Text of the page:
At the beginning of the season, Scotty Hopson anticipated being the go-to guy for the Volunteers in 2010-11.
Hopson is living up to those expectations of being the Vols' playmaker, as he often carries the fight to the opponent for the Vols. In the games that he has been atop the leading scorer column, UT boasts a 10-3 record.
Coming off of a pair of highlight-reel performances against Florida and South Carolina (22 points and 23 points, respectively), Hopson's re-creation of such production will be the key ingredient to Big Orange success this Saturday against a talented Georgia squad.
After Hopson led the way in beating the Gamecocks to end a three-game conference skid on Wednesday, he acknowledged the necessity of his playing at an elite level.
"I just made it an emphasis to stay in attack mode," Hopson said. "Making plays for myself and the other guys on this team is obviously what my job is. That's what this team needs me to do, and I want to do that at all costs."
As the team's leading scorer — averaging nearly 17 points per game — Hopson's numbers, as well as his recognition of his role, speak volumes to the effort he brings to the court each game. The Vols will need him to play aggressively on Saturday, as their last meeting with the Bulldogs was literally a toss-up, as Brian Williams' put-back buzzer-beater helped the Vols escape an imminent overtime in Athens a month ago with a 59-57 victory.
In addition to Hopson's leadership, the Vols will need to continue their sharp defensive play. Georgia's success stems from a threatening junior duo in Trey Thompkins and Travis Leslie. Combined, Thompkins and Leslie average close to 31 points and 15 rebounds per game. UT coach Bruce Pearl spoke to the Vols' strong defensive play after the South Carolina game on Wednesday night.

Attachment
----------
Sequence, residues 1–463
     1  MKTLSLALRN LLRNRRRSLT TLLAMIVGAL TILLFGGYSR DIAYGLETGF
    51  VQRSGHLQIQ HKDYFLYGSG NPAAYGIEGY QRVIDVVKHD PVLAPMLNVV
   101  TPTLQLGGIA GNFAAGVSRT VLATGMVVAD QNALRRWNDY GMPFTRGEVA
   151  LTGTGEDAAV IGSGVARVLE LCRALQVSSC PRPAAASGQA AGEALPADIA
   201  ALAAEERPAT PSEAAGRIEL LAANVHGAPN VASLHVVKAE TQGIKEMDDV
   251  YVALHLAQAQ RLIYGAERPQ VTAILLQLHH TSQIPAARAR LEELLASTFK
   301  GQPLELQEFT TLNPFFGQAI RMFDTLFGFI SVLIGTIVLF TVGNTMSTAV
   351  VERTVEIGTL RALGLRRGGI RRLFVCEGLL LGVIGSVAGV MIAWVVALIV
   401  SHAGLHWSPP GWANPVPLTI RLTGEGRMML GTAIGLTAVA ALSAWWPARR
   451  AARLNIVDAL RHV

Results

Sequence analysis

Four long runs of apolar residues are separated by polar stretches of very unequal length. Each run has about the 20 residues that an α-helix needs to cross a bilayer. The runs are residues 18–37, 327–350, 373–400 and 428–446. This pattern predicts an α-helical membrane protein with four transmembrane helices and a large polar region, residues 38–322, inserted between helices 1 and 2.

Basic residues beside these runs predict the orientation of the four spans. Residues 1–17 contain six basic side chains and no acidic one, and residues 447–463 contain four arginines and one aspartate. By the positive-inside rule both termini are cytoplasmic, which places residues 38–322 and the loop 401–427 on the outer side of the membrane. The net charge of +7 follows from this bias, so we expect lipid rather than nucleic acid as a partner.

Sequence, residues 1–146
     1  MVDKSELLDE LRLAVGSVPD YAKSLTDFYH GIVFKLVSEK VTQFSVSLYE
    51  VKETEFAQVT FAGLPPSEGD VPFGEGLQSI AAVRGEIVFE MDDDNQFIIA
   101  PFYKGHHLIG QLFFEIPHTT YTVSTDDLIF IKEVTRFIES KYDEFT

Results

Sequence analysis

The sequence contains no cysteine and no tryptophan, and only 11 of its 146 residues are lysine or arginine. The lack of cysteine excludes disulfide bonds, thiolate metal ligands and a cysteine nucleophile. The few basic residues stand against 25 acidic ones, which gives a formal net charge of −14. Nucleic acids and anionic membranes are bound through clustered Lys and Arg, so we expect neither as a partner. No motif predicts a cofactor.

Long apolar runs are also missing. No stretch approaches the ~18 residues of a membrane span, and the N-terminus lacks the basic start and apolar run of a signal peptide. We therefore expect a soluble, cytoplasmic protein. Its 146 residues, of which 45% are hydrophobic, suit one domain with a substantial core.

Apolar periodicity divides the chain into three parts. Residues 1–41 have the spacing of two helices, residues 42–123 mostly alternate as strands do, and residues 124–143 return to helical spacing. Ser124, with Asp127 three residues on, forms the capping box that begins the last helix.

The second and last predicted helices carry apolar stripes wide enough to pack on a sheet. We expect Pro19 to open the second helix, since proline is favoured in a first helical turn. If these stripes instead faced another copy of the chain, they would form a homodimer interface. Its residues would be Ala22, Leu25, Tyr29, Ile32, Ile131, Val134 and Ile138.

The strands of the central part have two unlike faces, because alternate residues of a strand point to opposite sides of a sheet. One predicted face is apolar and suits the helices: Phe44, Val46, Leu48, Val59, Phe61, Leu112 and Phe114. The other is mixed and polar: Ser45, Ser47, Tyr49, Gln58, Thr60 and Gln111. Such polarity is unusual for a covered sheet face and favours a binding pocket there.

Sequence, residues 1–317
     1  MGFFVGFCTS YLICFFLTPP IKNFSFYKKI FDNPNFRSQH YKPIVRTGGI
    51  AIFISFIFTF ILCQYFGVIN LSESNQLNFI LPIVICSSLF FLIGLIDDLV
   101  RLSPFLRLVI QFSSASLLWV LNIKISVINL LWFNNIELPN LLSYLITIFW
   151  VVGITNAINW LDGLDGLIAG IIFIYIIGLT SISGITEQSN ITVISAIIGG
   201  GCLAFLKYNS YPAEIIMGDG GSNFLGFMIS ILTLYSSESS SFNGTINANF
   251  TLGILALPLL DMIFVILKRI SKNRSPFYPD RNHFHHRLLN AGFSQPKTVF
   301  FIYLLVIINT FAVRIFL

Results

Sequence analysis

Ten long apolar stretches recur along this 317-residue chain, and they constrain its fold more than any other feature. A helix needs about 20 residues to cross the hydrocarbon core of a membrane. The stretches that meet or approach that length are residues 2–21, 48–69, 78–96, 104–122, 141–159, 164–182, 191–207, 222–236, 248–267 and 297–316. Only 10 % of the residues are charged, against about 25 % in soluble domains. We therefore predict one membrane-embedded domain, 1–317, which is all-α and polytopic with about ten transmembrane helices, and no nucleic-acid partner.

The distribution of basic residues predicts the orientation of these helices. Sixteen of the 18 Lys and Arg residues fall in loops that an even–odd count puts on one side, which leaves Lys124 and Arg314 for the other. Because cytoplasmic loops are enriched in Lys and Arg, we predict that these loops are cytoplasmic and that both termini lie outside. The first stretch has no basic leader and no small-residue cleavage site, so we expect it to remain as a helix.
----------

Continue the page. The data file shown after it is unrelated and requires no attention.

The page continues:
"You've got to start with defense and realize that, with Josh Bone and Melvin Goins, we have got a good defender on the ball," Pearl said.
While the Vols have been successful as a whole defensively, the free-throw line has been an irksome nemesis for this team. The Vols have attempted 13 or fewer free throws in a game five times in conference play this season. The team has found itself lining up on the blocks rather than the charity stripe on a regular basis, but home-court advantage produces less parody in the Vols' free throw game (UT attempts seven and a half fewer free throws on the road and about three fewer at home).
The Vols will have to hope that Thompson-Boling Arena's foul stripes will be forgiving on Saturday.
Pearl elaborated on the benefits of playing at home and the team's focus on mounting momentum during the season's homestretch after Wednesday's victory.
"It's good to be back at home," he said. "I felt like our home-court advantage, our crowd helped us win tonight. It was good to get back on the winning track, and it will help our confidence."
Georgia and Tennessee are in a three-way tie for third place in the SEC East standings, and the Vols know that the Bulldogs will come to Thompson-Boling with a bad taste in their mouths and revenge on their minds. However, Pearl's team should not lack motivation, because victories in upcoming head-to-head games against Vanderbilt, Kentucky and Saturday's bought against Georgia could vault UT into second place in the East.